13

I want to list (or delete, or do some other operation) on certain files in a directory, like this:

$ ls /opt/somedir/
aa  bb  cc  aa.txt  bb.txt  cc.txt
$ ls /opt/somedir/(aa|bb|cc)  ## pseudo-bash :p
aa  bb  cc

How can I achieve this (without cd-ing to the directory first)?

22

Use curly braces for it:

ls /opt/somedir/{aa,bb,cc}

For more information read about brace expansion.

3

Under bash, run shopt -s extglob (or put it in your ~/.bashrc), and you can use additional patterns that provide regular expressions with an unusual syntax (inherited from ksh). You can use these patterns in ksh too, of course, and also in zsh after setopt ksh_glob.

$ shopt -s extglob
$ ls /opt/somedir/@(aa|bb|cc|doesnotexist)
/opt/somedir/aa   /opt/somedir/bb  /opt/somedir/cc

In zsh, you can directly use (foo|bar) as a pattern.

% ls /opt/somedir/(aa|bb|cc|doesnotexist)
/opt/somedir/aa   /opt/somedir/bb  /opt/somedir/cc

Note that the command is called with the full path. If you want to call the command with a short path, you'll need to change the directory somehow, and (cd /opt/somedir && somecommand aa bb cc) is by far the easiest way.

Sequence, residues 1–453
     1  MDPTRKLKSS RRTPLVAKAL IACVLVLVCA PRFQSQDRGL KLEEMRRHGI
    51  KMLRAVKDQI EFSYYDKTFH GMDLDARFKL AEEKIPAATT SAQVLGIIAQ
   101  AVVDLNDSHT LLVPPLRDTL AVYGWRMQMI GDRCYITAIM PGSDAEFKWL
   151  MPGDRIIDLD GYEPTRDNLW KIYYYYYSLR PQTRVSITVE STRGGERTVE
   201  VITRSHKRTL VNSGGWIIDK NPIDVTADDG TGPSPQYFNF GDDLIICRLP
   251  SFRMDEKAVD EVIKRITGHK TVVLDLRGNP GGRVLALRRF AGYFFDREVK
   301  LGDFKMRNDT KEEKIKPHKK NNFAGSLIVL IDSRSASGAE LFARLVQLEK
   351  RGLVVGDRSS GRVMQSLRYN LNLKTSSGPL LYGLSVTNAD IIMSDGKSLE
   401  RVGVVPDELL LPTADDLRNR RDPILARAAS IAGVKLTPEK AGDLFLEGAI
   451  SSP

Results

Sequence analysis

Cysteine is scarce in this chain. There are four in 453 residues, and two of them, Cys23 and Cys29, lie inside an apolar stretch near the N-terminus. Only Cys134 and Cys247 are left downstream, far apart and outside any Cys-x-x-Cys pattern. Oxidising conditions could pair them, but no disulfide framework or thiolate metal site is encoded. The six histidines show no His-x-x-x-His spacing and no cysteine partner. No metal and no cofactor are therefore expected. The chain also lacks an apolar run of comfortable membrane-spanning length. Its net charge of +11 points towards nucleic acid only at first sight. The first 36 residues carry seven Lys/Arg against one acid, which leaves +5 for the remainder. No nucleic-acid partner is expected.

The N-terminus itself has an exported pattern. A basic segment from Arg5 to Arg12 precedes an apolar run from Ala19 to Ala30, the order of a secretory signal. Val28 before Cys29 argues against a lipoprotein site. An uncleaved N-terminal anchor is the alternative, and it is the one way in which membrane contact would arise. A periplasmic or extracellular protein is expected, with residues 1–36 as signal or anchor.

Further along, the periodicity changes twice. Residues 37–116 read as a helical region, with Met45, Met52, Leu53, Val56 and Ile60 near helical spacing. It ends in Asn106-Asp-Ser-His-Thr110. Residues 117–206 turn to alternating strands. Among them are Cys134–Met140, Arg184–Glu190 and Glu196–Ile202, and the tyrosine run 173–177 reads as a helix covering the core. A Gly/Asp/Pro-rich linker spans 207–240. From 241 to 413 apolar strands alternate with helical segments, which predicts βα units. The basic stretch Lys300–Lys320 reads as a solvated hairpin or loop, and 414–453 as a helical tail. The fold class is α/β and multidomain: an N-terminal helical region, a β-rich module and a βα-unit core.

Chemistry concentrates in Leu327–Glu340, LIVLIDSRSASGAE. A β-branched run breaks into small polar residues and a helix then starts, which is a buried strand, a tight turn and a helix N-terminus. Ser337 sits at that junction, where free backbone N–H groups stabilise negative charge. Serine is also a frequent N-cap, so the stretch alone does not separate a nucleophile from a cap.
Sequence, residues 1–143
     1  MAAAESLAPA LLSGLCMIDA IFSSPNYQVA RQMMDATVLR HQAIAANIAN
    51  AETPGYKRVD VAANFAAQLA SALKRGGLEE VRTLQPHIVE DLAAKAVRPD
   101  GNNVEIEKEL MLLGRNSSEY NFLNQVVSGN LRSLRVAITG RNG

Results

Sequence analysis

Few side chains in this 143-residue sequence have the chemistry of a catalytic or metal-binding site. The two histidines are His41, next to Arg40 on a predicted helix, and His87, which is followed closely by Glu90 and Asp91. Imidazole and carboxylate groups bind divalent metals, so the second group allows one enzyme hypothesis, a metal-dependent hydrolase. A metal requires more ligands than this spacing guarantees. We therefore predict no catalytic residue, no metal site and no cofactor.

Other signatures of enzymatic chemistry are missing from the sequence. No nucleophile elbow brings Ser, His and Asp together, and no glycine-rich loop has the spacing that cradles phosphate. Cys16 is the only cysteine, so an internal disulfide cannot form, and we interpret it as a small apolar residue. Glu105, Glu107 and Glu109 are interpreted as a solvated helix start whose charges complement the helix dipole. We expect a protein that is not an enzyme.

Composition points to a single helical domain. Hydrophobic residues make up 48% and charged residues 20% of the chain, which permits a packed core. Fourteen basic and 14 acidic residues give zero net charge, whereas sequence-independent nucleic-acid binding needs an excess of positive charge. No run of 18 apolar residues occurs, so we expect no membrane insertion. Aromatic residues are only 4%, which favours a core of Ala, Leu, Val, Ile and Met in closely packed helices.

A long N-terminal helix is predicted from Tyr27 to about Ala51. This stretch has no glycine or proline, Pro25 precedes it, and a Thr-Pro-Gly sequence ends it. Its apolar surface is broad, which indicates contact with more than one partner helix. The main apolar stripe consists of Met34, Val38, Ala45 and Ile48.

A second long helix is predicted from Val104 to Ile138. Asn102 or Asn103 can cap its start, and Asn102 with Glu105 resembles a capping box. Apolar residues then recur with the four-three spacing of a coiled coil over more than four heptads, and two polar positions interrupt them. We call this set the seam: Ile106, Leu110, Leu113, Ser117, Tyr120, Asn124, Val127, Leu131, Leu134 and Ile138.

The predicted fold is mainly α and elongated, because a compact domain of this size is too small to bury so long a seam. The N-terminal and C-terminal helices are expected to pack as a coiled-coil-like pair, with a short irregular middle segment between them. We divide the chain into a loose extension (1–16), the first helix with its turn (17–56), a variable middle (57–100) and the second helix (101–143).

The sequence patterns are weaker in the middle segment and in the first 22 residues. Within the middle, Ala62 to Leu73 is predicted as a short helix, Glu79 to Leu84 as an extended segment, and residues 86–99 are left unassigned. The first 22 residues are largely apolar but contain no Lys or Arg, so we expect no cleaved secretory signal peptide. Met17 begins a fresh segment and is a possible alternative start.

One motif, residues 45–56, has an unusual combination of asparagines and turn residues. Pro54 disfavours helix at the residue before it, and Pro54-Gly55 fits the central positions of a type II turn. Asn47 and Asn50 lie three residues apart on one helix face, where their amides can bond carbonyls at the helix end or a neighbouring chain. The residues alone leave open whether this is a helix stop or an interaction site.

• If you look closely, you'll see that I specify "without cd-ing to the directory first" in my question ;) – neu242 Dec 30 '11 at 10:10
1

You can filter using egrep:

ls | egrep '(aa|bb|cc)'

To find all text files:

ls | egrep '(aa|bb|cc).txt'
  • 1
    dot will match every character, and this approach make it difficult to further operate on these files – enzotib Dec 29 '11 at 12:22
  • 1
    I got the feeling that ls was just an example command, too. – Random832 Dec 29 '11 at 14:23
  • Yup, you're right, I specified that I want to do perform an operation: listing files was just an example. – neu242 Dec 30 '11 at 10:15
  • Good comments dear friends, thanks. Good luck neu242 :D – Ocean Dec 31 '11 at 16:52
1

First, I direct you to: never parse ls, ever. The proper, and canonical way to do what you want is with find.

For example:

find /opt/somedir -regex '.*[aa|bb|cc].*' -exec mv '{}' ~/backup \;

I usually use -name instead of -regex as it is simpler. But a regex fits your use case. You should run the command without -exec the first time, to make sure they actually are the files you want moved/deleted.

  • I never said I'd parse ls, and Rush had a far better answer. Thanks for trying, though :) – neu242 Dec 29 '11 at 22:48

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